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Peters Speech: Massy University

An address by Rt Hon Winston Peters at Massey University at 11.00am, 2 April 2003

“A New Zealand Identity”

We are a country known for rugby, adventure, rugby, wide open spaces, rugby, sheep and …..well rugby. Anyone who says otherwise would be wrong.

However we are, and have always been, so much more.

Did you know for example that the first person to introduce the use of a whistle during a game of rugby was a New Zealander? William Atack – In 1884, sick of having to raise his voice during games decided a whistle would be a good idea. The idea stuck and was eventually adopted worldwide.

Or that a New Zealander invented the disposable syringe?

These are only two examples of a people of ingenuity, with a pioneering spirit, a love of travel and books and of course, rugby.

I once heard a missionary who had spent decades living in India say that cricket had done more to break down the caste system of of that country than any other influence. It didn’t matter what the caste of the bowler or batsman might be. What mattered was how well they plied their trade.

Rugby played an important role in helping shape our nation’s identity. We were rugby mad and some may cringe at the thought of a game shaping a nations people, but it has.

As our national game it has brought together people from every socio-economic group, nationality and in the early days of European settlement – every class.

This was important in the emergence of a society that saw itself as egalitarian.

It was an equal playing field. There were no biases; you just had to play good rugby.

This is still evident today. Our teams are made up of a mixture of players from various cultural and career backgrounds.

We cannot deny the impact rugby has had on the New Zealand psyche, but there is so much more.

For about 100 years now people have been asking what are we? who are we? what do we stand for? and where are we going as a nation?

We are more than just the quarter acre pavlova paradise, the home of the buzzy bee, L&P and hokey pokey ice cream. More than the weekend bach, barbeques and boats, and definitely more than just rugby.

We are a new country. Yet the development of our identity has been relatively quick, our ‘character’ and what made us a ‘kiwi’ was evident early on.

Look at the 1905 first All Black tour to England. This group of men still considered themselves to be part of England – the great Empire.

George Dixon, manager of the team, talks in his diary of the players comparing New Zealand to the United Kingdom. The UK did not fair well. The differences were already apparent, even though at the start of the trip they had assumed they were ‘going ‘home referring to the UK.
We are a unique country at the bottom of the world that has absorbed over the last 150 years, predominantly, three different cultures Maori, European and Pacific Islands and were making it one unique culture

The late 19th Century saw a wave of mainly European but also Chinese (gold diggers) migration.

However it should be remembered that new migrants arrived in a country that had a thriving culture already in existence – Maori.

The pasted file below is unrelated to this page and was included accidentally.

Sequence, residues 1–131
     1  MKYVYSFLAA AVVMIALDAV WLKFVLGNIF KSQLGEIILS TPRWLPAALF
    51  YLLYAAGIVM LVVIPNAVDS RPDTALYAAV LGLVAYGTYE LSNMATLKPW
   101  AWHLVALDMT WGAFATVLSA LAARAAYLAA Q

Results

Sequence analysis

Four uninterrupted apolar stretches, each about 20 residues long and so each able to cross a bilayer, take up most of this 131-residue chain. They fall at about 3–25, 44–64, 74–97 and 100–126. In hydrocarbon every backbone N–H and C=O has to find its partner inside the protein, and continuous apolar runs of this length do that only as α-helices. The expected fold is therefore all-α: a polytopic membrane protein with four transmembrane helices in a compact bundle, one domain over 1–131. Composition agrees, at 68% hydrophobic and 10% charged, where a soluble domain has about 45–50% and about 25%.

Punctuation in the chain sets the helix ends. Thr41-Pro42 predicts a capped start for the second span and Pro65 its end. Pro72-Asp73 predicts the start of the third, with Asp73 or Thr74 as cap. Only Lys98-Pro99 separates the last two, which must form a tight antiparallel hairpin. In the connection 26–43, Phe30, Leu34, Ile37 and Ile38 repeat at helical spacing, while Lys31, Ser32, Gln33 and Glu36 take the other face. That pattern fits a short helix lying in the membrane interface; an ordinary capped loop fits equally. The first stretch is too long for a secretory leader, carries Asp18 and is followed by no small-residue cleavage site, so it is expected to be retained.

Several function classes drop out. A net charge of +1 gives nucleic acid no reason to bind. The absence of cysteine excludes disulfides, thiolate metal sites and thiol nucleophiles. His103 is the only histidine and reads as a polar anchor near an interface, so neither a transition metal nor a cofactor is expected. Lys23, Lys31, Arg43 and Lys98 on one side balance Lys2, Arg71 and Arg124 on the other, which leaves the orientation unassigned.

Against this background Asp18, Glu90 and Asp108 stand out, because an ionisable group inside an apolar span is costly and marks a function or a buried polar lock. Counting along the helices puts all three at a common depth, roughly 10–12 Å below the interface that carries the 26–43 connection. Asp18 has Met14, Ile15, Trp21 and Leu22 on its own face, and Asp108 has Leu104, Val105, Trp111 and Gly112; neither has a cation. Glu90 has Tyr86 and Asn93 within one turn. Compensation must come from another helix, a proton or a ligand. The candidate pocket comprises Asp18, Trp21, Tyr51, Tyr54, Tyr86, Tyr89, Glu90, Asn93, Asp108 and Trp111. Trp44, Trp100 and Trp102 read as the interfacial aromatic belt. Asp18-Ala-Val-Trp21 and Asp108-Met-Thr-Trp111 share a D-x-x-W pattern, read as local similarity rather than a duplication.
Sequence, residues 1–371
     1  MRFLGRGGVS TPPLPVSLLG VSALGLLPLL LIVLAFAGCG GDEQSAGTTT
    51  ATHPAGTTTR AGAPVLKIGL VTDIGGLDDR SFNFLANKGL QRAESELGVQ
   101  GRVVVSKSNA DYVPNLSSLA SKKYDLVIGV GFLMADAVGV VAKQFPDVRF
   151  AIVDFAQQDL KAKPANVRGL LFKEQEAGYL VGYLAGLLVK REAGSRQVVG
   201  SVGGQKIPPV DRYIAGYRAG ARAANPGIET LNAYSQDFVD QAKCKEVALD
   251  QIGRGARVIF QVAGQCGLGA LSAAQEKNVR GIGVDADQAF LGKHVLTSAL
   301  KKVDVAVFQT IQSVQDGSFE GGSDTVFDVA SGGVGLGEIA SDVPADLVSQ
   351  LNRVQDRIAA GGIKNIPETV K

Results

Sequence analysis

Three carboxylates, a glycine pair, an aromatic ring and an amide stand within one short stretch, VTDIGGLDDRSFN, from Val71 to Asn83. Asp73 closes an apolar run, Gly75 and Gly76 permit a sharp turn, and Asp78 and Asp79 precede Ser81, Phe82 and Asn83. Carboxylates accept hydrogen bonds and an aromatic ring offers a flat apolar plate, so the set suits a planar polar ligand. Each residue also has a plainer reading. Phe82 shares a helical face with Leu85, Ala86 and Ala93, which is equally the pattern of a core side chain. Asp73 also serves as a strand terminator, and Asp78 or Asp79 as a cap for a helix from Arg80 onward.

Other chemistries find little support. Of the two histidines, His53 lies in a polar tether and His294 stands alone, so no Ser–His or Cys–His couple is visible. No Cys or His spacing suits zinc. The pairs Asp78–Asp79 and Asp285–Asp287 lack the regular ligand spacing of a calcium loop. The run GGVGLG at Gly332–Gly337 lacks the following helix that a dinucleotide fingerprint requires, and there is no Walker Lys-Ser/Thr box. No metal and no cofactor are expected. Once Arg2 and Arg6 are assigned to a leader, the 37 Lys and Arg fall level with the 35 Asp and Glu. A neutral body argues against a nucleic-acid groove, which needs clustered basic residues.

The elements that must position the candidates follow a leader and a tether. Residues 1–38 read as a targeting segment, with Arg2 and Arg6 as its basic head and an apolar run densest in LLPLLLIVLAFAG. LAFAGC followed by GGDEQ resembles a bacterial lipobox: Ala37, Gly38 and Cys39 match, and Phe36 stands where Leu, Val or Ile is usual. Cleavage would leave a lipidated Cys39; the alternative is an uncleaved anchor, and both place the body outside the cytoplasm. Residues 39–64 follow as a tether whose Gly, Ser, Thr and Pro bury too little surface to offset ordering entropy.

The ability of the new migrants and Maori to get on together helped bring about our egalitarian society.

The 1960’s saw a surge of Polynesian migrants as we became a more industralised country promising a better life for people from small South Pacific nations.

We have embraced aspects of all of these cultures and turned them into ‘kiwi traits’.

We had problems – what country didn’t? – but we had inter-married successfully and created a multi-cultural south pacific nation that people were proud to say they come from.

New Zealanders are staunchly patriotic, especially when overseas, modest, hardworking, adventurous and entrepreneurial. We are quiet achievers.

We love to travel, probably because we are at the bottom of the world.

We love to read as much as we love sports and we read more foreign magazines than any other nation.

We have prided ourselves on our egalitarian society, here Jack could be as good as his master, people earned respect; it was not their birthright because of their place in ‘society’.

Bernard Montgomery – English General in WWII – once complained to the commanding officer of the New Zealand Division, General Freyberg that the NZ troops were disrespectful to the English officers. Freyberg’s response – ‘they are very friendly, if you wave they will wave back.”

We are friendly and welcoming and very laid back. No airs and graces to be found, a very down to earth nation of people.

We have a sense of freedom that many other countries do not.

How many other countries in the world would allow a protest on the front lawn of parliament?

But, we are also our own worst enemies. We suffer from the tall poppy syndrome; we put ourselves down first before somebody else does it for us.

These characteristics can be seen in some of New Zealand’s most famous citizens.
Sir Edmund Hilary summed it up after conquering Mt Everest.

In true kiwi fashion, “We knocked the b*** off”.

He then went on to say, “In some ways I believe I epitomise the average New Zealander: I have modest abilities, I combine these with a good deal of determination, and I rather like to succeed."

We are a country of social reform.

In great periods of our history we have led the world in some of our policies.
Kate Sheppard, one of our most famous citizens, helped New Zealand be the first country to allow women to vote.

We were the first English speaking country to introduce the old age pension in 1898. Although not ideal, it was a start.

Richard Seddon – King Dick – coined New Zealand ‘God’s own country’ and worked to achieve exactly that.

The Government of the 30’s brought about social reform never before seen in the world.

Under Michael Savage fundamental social policies were reborn.

A health system for all, housing for those in need, welfare for the elderly, sick, or unemployed and education to all.